Section 826.30(c)(1)(ii)(A) indicates that included within the definition of health care providers are nurses, nurse assistants, medical technicians and others who provide diagnostic, preventive, or treatment services, or other services integrated with and necessary to the provision of patient care. In addition, employees providing services under the supervision, order, or direction of health care providers, or providing direct assistance to health care providers are also health care providers. The revised rules also indicate that health care may include services that are reasonably understood to be broader than actual health care including, for example, laboratory technicians who process test results, which are related to diagnosis.
Example of diagnostic services include, taking or processing samples, x-rays or other testing procedures, and interpretation of tests. Preventative services include, as examples, screenings, check-ups, and counseling to prevent illnesses, disease, or other health related problems. Treatment services includes surgery or other interventions, administering or providing prescribed medication, pulmonary assistive techniques, etc.
Health care services also includes services that are integrated with treatment services and patient care that if not provided would adversely impact patient care. These services may include bathing, dressing, hand feeding, taking vital signs, setting up medical equipment, transporting patients and samples, etc.
The revised rules also provide examples of employees who are not health care providers including information technology professionals, building maintenance staff, human resources personnel, cooks, food service workers, records manager, consultants, and billers. The DOL indicates that while these are related to health care, the connection if too attenuated to be considered necessary components of patient care. 29 CFR Sec. 826.30(c)(1)(iii). These workers then, may be qualified for emergency leave under the emergency paid leave requirements of the Families First Corona Virus Response Act.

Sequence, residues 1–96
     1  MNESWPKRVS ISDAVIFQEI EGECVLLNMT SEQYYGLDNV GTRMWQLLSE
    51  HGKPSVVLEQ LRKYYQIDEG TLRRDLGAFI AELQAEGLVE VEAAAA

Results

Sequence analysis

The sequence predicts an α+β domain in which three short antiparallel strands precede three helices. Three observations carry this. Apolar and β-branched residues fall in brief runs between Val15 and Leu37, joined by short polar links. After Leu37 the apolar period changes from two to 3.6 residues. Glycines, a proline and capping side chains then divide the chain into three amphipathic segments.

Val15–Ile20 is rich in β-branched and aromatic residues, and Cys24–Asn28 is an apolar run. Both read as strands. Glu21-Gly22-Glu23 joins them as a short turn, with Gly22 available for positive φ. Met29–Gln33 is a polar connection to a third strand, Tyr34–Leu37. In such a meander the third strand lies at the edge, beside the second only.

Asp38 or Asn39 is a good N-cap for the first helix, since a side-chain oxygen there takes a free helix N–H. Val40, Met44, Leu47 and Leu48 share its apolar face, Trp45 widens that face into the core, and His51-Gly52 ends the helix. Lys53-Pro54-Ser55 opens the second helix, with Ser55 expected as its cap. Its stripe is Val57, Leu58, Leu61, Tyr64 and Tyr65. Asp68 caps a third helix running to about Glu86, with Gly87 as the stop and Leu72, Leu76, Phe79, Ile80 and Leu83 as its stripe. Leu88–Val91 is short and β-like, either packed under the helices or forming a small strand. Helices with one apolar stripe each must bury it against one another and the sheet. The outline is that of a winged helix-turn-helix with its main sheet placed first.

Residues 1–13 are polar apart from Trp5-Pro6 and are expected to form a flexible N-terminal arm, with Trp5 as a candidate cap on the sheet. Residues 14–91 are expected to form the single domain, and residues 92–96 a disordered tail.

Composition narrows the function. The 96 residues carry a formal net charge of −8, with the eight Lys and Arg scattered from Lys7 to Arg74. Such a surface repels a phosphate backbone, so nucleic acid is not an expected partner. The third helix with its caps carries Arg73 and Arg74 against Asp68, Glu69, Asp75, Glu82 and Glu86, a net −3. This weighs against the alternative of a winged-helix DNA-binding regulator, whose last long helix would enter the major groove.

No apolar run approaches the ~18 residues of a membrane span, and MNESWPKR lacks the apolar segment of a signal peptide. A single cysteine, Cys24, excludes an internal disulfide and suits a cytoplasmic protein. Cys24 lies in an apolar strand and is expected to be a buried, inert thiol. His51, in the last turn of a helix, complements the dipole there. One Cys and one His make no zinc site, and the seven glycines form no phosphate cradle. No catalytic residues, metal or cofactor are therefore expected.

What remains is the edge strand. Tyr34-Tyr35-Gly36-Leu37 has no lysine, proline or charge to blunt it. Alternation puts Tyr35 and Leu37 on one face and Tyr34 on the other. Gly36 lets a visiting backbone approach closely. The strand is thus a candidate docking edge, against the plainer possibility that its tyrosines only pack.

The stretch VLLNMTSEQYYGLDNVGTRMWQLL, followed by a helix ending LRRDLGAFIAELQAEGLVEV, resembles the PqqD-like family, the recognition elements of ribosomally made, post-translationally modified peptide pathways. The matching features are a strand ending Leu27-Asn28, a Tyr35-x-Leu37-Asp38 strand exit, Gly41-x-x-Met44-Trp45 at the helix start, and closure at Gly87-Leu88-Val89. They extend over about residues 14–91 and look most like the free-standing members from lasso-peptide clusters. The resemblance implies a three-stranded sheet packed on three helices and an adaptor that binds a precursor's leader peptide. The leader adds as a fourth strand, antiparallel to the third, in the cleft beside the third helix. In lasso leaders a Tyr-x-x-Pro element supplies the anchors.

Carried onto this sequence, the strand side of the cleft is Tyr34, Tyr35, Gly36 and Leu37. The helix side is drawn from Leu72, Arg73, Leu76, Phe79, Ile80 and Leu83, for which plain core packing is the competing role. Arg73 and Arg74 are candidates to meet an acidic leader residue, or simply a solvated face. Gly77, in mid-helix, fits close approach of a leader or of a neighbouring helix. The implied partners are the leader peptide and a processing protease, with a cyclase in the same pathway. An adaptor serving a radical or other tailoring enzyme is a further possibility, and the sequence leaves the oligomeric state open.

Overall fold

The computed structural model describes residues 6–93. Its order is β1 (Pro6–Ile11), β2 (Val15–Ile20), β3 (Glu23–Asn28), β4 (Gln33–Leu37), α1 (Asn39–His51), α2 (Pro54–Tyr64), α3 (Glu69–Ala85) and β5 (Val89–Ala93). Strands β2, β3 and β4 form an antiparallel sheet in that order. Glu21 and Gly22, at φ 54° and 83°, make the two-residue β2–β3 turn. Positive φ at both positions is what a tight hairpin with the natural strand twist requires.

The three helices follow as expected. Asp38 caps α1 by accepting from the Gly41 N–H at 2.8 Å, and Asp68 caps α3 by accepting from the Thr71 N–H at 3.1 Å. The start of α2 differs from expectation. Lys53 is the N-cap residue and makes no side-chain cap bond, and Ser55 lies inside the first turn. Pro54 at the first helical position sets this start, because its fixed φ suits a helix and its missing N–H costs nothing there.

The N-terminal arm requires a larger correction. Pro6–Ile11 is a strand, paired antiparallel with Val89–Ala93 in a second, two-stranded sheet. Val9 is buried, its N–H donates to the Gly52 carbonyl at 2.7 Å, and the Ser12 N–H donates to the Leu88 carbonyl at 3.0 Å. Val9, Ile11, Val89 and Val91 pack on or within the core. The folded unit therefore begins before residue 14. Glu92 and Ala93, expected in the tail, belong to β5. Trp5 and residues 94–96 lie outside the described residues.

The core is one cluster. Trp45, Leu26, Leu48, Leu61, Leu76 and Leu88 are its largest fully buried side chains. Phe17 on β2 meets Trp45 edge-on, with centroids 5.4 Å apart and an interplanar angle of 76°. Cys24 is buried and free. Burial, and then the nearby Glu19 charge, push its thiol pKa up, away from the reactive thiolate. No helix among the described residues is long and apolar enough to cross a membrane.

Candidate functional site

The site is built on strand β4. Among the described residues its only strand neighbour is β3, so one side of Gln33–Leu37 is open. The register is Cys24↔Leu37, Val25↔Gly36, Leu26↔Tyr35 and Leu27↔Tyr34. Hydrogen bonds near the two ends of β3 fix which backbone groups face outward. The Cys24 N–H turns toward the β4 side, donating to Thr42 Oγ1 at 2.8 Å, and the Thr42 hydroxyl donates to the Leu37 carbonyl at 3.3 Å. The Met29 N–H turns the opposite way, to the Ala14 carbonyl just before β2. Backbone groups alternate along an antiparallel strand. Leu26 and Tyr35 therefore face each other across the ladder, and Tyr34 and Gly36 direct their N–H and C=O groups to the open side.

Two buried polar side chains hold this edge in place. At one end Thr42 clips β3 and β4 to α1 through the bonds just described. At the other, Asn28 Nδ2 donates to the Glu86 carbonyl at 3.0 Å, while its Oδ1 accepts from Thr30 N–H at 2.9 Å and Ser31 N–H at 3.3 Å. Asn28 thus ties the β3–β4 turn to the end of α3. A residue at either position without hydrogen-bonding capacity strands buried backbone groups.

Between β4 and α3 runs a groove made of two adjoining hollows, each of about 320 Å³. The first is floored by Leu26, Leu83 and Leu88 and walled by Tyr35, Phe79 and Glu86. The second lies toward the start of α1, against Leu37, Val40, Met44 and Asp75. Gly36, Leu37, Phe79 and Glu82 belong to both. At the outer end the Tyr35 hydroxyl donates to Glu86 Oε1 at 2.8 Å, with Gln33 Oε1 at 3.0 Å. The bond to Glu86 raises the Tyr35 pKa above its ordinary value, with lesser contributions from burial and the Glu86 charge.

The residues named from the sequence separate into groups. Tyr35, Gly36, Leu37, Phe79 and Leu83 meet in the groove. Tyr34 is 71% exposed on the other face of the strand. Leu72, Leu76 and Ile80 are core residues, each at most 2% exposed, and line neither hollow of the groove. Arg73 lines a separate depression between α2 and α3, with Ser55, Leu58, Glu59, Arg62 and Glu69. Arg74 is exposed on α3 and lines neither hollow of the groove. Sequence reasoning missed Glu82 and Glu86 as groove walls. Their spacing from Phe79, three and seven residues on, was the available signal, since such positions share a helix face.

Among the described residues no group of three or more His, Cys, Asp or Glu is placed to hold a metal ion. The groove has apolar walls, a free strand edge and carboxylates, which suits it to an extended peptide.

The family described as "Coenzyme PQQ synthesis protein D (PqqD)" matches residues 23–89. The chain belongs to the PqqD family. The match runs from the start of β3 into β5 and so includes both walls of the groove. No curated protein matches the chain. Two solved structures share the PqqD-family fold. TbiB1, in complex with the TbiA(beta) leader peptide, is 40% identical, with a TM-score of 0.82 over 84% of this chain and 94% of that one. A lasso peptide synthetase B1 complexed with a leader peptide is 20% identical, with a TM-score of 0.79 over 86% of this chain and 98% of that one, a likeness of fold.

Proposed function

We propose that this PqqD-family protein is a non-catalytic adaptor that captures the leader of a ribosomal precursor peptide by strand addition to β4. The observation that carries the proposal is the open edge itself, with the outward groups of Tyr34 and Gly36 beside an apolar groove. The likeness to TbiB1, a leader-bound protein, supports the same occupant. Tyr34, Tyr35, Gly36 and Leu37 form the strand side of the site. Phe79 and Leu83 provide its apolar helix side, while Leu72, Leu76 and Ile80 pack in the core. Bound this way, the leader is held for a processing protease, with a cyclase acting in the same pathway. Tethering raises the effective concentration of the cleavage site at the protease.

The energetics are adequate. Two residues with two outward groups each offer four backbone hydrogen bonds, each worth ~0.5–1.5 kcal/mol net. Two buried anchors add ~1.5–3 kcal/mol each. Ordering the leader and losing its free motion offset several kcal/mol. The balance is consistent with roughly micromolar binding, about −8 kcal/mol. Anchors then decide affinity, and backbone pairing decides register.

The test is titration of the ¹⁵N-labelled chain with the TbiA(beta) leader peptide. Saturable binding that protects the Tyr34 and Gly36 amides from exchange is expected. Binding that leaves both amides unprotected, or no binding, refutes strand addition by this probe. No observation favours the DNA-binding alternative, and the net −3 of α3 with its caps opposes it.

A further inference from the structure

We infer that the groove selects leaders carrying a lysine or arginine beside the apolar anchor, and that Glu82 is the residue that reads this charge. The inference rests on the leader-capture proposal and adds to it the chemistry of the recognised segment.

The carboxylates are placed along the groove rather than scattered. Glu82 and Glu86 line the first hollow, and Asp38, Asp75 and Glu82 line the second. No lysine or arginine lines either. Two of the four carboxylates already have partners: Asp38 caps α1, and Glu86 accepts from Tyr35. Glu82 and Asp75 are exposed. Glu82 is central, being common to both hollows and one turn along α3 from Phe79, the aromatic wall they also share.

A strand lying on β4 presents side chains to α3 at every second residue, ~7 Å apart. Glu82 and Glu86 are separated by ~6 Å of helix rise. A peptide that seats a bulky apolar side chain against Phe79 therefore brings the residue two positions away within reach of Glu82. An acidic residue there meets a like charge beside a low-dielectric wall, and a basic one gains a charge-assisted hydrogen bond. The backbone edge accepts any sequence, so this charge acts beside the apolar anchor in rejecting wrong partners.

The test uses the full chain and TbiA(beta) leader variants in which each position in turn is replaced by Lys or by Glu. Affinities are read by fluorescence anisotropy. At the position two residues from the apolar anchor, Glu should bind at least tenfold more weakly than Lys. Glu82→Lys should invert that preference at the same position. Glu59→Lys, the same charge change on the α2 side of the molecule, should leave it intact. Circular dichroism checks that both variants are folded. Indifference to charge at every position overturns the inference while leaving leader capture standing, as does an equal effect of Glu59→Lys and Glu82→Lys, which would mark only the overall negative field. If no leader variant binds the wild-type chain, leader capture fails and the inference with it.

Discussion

A review of the FFCRA leave provisions reminds us that the Act provides that covered employers (those with fewer than 500 employees) must provide to all employees the following emergency leave related to Covid-19. Health care workers were not eligible (exempt) from these leave provisions in order to prevent disruptions in the health care system.
1. Two weeks of paid sick leave where the employee is unable to work because the employee is quarantined pursuant to a government order or on the advice of a health care provider, or is experiencing symptoms related to Covid-19 and is seeking a medical diagnosis (EPSLA); or
2. Two weeks of paid sick leave at the rate of two thirds of the employee’s regular rate of pay if the employee is unable to work because of a need to care for an individual subject to quarantine pursuant to government order, or to care for a child whose school or child care provider is closed or unavailable because of reasons related to Covid-19. (EPSLA)
3. For an employee that has been employed for at least 30 days, a covered employer must provide up to 10 additional weeks of paid expanded family and medical leave at two-thirds the employee’s regular rate of pay where an employee is unable to work due to the need for leave to care for a child whose school or child care provider is closed or unavailable for reasons related to Covid-19. (EFMLEA)